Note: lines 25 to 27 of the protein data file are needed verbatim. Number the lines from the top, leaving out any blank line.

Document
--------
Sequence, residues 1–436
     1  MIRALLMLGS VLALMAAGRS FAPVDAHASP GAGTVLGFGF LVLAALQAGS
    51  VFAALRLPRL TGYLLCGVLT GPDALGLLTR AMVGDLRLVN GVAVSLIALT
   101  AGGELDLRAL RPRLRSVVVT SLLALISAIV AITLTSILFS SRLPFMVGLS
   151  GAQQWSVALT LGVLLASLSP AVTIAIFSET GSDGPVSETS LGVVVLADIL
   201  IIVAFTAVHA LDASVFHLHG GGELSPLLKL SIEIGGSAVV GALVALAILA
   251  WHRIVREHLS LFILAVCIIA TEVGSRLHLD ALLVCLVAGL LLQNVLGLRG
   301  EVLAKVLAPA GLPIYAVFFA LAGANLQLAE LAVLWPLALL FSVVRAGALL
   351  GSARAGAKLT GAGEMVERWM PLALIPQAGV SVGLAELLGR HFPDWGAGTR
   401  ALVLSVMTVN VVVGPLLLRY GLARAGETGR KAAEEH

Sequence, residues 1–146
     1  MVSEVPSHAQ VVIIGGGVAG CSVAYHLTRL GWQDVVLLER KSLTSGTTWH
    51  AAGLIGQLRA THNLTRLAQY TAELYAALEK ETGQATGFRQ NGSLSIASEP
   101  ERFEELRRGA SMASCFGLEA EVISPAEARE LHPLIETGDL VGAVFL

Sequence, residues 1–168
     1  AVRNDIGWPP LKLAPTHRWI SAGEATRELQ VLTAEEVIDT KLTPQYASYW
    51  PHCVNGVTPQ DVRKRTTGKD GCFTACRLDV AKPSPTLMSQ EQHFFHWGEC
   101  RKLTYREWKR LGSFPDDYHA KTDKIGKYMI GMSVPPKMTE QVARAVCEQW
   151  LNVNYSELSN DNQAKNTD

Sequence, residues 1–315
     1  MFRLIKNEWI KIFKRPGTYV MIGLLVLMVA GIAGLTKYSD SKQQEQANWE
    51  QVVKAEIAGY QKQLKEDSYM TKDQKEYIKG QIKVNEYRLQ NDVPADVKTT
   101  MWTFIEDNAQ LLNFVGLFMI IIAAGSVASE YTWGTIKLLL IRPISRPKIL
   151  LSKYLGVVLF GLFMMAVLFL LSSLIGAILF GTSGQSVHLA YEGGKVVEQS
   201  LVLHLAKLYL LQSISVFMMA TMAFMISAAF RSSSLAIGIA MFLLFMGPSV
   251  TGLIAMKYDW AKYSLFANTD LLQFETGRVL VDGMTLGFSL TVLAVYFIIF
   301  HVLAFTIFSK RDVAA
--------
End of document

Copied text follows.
   201  LVLHLAKLYL LQSISVFMMA TMAFMISAAF RSSSLAIGIA MFLLFMGPSV
   251  TGLIAMKYDW AKYSLFANTD LLQFETGRVL VDGMTLGFSL TVLAVYFIIF
   301  HVLAFTIFSK RDVAA